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Originally featured on BroadcastEngineering.com
Nov 2

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11/2/2012 5:58 AM  RssIcon

The headline of a recent interview with Leonardo Chiariglione, the godfather of MPEG, was his comment that DASH was going to be as big as MPEG2, but the subtext was in its way even more revealing.

Chiariglione, who is about to receive the prestigious Faraday Medal from the UK’s Institution of Engineering and Technology (IET) for his contribution to modern digital media, was expounding his belief that DASH would become the universal digital video transport medium, not just for the Internet, but the whole of broadcasting.

The main subtext was that for this to happen, broadcasters must give up the traditional infrastructure that in most cases they own, and migrate to IP delivery over broadband connections. Chiariglione cited the BBC as the one major broadcaster that has already given up its infrastructure to become a pure media company entirely reliant on others to distribute its content.

But, he rightly pointed out that there was little sign of other broadcasters lining up to follow the BBC’s lead. This reflects the BBC’s unique status as a major broadcaster whose content is highly regarded and in great demand, not just in the UK but all around the English speaking world. Its move to give up its infrastructure reflected its confidence that pay-TV operators and distributors would be clamoring for its content, as has proved to be the case, despite various local difficulties, the latest being the child sex abuse scandal relating to its now deceased former presenter Jimmy Saville.

Some other broadcasters in less dominant positions fear that their content could be dropped by distributors unless preserved by must carry arrangements that cannot be guaranteed to last for ever.

Nevertheless, Chiariglione, speaking to UK-based Broadband TV News, argued it was inevitable broadcasters would move to common global infrastructure, which presumably will comprise CDNs bolted together in federated arrangements feeding local broadband access networks and will not resemble the best effort Internet as we know it. Nor will this mean the immediate demise of the traditional physical means of distribution, that is cable, satellite and terrestrial.

Pay-TV operators are already migrating to IP delivery and hybrid services, and Chiariglione’s point is that, over time, these will converge towards DASH as a common transport medium associated with encoding and content security as well as robust delivery.

Against this background, leading members of the  MPEG-DASH Industry Forum, including major vendors such as Cisco and Microsoft as well as OTT providers like Netflix, have been thrashing out what remains to be done to make DASH workable at the Streaming Media West Show in Los Angeles.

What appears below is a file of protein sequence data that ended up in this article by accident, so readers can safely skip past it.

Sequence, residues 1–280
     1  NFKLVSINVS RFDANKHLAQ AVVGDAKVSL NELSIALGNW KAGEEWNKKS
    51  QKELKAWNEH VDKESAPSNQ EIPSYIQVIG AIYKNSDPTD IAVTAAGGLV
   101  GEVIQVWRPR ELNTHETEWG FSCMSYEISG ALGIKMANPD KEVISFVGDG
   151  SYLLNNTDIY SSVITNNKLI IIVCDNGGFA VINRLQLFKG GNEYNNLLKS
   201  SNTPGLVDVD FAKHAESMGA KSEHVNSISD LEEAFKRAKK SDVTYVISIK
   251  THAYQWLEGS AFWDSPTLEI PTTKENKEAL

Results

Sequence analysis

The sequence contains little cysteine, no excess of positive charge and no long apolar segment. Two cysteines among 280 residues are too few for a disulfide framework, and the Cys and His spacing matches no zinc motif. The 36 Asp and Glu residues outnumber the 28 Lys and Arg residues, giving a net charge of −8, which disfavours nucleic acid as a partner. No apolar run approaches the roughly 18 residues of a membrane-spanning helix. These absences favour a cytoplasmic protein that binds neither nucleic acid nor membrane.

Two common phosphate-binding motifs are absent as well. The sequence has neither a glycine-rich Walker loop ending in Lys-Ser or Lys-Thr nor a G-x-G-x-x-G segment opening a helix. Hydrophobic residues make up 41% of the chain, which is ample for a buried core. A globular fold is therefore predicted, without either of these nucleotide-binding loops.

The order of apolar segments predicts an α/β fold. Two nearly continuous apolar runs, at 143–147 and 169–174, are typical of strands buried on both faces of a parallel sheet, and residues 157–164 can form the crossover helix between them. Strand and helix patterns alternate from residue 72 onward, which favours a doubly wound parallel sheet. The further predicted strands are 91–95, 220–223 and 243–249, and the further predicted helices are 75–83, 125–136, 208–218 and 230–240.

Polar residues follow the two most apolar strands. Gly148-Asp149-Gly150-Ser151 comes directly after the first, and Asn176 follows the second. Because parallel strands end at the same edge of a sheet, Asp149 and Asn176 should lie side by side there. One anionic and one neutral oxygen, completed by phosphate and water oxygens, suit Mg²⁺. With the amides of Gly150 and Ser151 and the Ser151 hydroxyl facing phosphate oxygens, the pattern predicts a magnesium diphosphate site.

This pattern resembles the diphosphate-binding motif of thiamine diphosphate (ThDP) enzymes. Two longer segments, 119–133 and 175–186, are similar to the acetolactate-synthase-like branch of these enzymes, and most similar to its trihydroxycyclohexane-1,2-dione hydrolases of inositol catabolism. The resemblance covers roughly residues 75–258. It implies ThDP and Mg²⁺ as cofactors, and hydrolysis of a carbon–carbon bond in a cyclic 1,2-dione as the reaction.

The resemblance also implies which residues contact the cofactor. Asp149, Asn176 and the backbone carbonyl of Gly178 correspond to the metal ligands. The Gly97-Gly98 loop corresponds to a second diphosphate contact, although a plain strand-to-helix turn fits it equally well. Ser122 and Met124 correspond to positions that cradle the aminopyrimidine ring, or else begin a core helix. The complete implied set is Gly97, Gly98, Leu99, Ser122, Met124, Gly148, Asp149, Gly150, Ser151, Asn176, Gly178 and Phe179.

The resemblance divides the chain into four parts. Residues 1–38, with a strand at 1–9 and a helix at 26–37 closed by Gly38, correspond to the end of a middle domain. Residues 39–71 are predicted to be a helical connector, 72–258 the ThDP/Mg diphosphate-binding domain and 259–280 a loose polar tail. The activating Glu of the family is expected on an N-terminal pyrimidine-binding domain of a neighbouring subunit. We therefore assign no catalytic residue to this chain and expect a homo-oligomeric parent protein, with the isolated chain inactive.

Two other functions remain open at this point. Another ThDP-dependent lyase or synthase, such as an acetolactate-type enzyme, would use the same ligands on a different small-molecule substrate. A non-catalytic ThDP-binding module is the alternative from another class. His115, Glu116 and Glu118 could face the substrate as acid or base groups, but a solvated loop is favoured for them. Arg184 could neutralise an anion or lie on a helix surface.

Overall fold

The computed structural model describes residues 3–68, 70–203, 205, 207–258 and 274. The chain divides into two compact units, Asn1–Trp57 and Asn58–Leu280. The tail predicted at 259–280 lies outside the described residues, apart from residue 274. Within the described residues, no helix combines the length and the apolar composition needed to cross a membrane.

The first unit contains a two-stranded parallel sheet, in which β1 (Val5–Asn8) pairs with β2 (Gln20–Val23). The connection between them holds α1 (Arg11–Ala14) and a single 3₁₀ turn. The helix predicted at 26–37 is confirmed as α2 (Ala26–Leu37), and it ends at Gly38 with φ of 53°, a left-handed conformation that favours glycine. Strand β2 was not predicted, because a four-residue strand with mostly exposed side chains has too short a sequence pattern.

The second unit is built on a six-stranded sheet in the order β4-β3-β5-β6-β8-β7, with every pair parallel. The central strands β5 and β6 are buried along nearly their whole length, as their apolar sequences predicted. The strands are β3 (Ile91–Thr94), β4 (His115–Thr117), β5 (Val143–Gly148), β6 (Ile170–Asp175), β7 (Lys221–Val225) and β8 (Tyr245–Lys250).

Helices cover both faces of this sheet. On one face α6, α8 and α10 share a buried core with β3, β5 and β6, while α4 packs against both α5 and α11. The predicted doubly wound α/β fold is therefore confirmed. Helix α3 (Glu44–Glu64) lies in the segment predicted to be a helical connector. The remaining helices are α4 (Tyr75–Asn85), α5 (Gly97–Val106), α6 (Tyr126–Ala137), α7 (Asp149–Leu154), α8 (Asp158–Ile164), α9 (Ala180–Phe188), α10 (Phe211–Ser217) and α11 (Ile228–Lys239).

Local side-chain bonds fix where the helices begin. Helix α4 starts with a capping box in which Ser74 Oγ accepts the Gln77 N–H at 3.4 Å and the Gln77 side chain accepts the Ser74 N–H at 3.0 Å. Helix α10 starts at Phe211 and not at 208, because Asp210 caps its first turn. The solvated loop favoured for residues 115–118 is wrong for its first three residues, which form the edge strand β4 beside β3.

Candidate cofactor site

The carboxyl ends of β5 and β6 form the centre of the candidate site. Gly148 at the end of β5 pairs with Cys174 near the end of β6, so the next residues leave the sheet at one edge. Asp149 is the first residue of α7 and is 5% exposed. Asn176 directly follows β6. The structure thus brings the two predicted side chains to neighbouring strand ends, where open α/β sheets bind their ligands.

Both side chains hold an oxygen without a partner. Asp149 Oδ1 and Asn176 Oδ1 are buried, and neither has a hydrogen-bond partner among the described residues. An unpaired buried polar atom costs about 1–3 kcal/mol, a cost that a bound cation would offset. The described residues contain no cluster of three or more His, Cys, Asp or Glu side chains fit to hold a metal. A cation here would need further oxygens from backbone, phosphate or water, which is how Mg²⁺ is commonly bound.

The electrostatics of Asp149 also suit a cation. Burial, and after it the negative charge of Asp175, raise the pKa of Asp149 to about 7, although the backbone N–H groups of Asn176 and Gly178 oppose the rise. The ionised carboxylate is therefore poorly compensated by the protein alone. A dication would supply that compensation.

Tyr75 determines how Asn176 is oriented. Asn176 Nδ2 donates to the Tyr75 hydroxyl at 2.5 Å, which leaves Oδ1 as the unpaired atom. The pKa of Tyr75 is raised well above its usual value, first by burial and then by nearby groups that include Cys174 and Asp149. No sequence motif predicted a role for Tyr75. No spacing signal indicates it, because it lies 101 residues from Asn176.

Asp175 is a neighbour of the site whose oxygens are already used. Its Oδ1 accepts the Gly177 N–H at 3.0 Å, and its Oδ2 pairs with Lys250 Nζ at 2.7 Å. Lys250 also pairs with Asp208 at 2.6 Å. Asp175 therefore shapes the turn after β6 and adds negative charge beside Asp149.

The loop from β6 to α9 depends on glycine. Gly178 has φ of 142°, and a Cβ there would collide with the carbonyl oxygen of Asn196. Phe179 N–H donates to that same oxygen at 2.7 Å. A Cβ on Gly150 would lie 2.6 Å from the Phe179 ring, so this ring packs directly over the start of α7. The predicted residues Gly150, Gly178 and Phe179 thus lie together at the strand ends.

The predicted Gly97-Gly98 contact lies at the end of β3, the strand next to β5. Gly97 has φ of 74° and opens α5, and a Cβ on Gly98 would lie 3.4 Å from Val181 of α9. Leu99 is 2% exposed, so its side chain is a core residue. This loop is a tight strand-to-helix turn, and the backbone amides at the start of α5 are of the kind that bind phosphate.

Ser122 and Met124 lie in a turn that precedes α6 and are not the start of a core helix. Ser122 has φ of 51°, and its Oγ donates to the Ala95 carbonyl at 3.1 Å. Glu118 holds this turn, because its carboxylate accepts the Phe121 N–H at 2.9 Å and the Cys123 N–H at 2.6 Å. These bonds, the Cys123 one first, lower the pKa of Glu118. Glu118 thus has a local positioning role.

Apart from persuading Apple to join, probably the biggest hurdle is to define a subset of DASH that can serve as a base profile that all implementations have to include. Otherwise there is the danger that DASH, far from bringing order to the world of adaptive streaming, will actually increase complexity by creating more semi-compatible variants.

But this is unlikely to happen as the industry has the bit between its teeth, having already taken one important decision in focusing down on profiles around H.264/MPEG-4 encoding, rather than MPEG-2. Initially both were supported. But now the DASH community is zeroing in on H.264, which sharpens its focus and is speeding up the development of common profiles that can be used as the basis for interoperability testing.  

Other issues include convergence between DASH and hybrid TV as a prelude to the eventual full migration that Chiariglione has been talking about. Here a clue was provided by the recent French government decision to mandate support for DASH in future connected TVs in the country. Europe, except the UK, has been rallying around the HbbTV hybrid broadcast standard, which now incorporates DASH, but France has implemented a variant in its TNT platform. What France has now done is add DASH to the next version of its hybrid platform, TNT 2.0, to align this fully with HbbTV. This gives an indication of how broadcasters in Europe at least will move to HbbTV with DASH included, as a major step in the direction Chiariglione has predicted they will take.

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